Sunday’s coup had nothing to do with the virus. It was planned at a time when the virus was under control.
One of Saied’s supporters, Samia Abbou of the Democratic Current, who welcomed Saied’s moves, let the cat out of the bag by saying on Sunday that "the presidential decisions are constitutional and historic. The president should have taken these decisions some time ago."
Coup, pure and simple
The document labelled "absolutely top secret" called this plan a "constitutional coup". But what happened on Sunday night went way beyond the constitution.
The constitution states that when the article that allows the president to take emergency powers is invoked, parliament is forced into continuous session, and cannot be dissolved. In fact Saied has suspended parliament and locked out its members.
Triggering Article 80 depends on the Constitutional Court, which Saied has prevented parliament from setting up, even though under the constitution it elects only four out of 12 members.
Ayyad bin Achour is the most prominent Tunisian constitutional professor who was crucial in drafting the transitional document, the constitution and the election law. He was also the head of the body that managed the transition period in 2011. He is secular and no supporter of the Islamists. Bin Ashour's view is that this is a coup "in the fullest sense of the word".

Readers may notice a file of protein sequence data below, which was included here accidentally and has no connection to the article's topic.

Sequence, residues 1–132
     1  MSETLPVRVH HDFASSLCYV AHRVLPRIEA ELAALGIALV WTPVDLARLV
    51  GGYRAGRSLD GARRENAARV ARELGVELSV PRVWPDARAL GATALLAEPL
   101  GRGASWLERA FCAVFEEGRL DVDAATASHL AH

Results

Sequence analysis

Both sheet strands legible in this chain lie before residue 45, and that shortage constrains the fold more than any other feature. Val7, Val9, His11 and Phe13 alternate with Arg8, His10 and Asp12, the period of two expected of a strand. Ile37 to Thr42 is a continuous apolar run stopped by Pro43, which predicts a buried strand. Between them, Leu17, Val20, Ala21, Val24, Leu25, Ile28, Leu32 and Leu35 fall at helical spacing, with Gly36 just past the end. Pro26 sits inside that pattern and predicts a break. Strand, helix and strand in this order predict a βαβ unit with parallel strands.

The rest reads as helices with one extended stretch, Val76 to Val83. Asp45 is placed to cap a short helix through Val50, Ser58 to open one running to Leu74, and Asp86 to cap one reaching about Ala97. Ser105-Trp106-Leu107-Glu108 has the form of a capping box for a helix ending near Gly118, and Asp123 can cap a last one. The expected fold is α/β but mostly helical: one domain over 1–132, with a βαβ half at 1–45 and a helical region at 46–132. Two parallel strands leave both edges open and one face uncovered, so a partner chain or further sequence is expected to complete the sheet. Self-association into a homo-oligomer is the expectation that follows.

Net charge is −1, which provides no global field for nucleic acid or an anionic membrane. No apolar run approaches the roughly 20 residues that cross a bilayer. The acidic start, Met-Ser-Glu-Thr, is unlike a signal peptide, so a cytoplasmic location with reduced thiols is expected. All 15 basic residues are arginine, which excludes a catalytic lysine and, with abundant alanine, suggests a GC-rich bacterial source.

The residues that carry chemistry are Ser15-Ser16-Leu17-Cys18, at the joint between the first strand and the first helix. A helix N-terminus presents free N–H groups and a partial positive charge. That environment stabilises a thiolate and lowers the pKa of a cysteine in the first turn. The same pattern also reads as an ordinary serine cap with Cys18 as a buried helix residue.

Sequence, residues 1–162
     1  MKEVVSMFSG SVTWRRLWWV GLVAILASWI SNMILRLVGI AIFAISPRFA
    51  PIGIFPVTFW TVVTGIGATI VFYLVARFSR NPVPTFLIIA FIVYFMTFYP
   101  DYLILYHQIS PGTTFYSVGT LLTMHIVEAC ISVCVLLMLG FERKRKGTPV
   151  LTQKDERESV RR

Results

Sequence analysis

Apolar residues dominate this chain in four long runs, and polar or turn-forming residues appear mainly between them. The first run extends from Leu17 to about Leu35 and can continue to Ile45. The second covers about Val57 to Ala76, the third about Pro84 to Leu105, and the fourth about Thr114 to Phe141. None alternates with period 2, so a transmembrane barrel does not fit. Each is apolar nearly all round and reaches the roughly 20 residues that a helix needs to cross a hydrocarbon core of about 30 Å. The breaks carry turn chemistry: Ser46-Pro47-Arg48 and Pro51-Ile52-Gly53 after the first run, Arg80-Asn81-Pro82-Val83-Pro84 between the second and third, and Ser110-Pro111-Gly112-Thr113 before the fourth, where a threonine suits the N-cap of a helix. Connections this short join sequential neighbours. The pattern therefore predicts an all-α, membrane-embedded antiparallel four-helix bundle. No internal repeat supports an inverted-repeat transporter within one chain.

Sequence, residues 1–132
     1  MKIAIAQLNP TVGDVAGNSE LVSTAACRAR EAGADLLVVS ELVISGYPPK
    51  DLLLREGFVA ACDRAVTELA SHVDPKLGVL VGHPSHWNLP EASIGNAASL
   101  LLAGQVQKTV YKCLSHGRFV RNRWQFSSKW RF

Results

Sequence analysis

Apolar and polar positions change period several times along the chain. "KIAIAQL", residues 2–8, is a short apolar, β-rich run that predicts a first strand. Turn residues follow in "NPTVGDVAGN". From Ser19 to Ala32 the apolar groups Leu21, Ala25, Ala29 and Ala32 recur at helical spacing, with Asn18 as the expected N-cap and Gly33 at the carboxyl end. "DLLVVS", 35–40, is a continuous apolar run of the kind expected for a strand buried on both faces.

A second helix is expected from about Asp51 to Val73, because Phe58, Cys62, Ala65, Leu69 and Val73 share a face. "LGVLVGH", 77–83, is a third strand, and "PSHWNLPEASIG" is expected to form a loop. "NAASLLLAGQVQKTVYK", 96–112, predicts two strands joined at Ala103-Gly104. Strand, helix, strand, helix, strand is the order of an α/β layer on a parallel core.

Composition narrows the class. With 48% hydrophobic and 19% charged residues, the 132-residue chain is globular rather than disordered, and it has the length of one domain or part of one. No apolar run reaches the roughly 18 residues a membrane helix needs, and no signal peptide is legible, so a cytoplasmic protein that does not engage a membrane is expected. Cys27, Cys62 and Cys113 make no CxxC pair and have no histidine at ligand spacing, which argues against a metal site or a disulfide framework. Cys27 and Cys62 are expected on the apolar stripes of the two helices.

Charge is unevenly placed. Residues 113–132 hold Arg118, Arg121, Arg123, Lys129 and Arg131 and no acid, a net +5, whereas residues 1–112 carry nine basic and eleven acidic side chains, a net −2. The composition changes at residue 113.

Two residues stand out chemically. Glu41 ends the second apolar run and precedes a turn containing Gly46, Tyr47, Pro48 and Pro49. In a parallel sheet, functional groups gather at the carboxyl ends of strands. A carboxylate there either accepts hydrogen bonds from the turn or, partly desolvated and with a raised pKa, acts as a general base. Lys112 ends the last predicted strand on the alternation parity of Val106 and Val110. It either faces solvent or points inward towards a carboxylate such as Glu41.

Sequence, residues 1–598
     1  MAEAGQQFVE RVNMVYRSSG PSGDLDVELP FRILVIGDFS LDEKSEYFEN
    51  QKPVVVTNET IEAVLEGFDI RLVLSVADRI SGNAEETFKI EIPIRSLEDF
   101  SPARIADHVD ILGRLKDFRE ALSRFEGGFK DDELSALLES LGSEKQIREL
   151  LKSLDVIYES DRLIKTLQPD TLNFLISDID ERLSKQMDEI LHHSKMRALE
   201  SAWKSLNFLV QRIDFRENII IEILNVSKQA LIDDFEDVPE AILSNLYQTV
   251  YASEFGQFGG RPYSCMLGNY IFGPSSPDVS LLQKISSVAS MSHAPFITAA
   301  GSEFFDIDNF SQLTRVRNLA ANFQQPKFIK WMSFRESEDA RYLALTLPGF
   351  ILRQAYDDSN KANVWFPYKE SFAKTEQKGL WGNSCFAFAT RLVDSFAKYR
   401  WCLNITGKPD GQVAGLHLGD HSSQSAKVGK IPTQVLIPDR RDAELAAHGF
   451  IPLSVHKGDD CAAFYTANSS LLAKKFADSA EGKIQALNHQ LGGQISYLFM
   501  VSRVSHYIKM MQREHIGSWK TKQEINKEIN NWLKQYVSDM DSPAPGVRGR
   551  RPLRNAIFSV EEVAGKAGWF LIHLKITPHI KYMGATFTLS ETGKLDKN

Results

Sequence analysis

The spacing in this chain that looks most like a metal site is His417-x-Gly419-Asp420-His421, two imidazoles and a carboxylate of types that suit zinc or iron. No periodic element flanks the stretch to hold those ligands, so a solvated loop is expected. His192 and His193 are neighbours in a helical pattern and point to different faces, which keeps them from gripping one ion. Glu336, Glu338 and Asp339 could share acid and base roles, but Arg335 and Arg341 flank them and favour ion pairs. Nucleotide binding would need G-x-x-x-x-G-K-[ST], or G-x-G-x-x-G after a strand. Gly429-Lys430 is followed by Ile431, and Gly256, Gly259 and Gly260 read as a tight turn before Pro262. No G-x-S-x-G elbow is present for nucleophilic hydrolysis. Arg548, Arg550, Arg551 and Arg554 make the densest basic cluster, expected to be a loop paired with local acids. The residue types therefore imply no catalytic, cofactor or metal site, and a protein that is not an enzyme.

Similarly, Nabil Bafoun, the head of the Electoral Commission, said the commission was "in a state of shock".
All the institutions set up after late President Zine El Abidine Ben Ali's ouster, everything the 2011 revolution had created to put Tunisia on the path of democracy have set their face against Saied’s actions, irrespective of their own political leanings.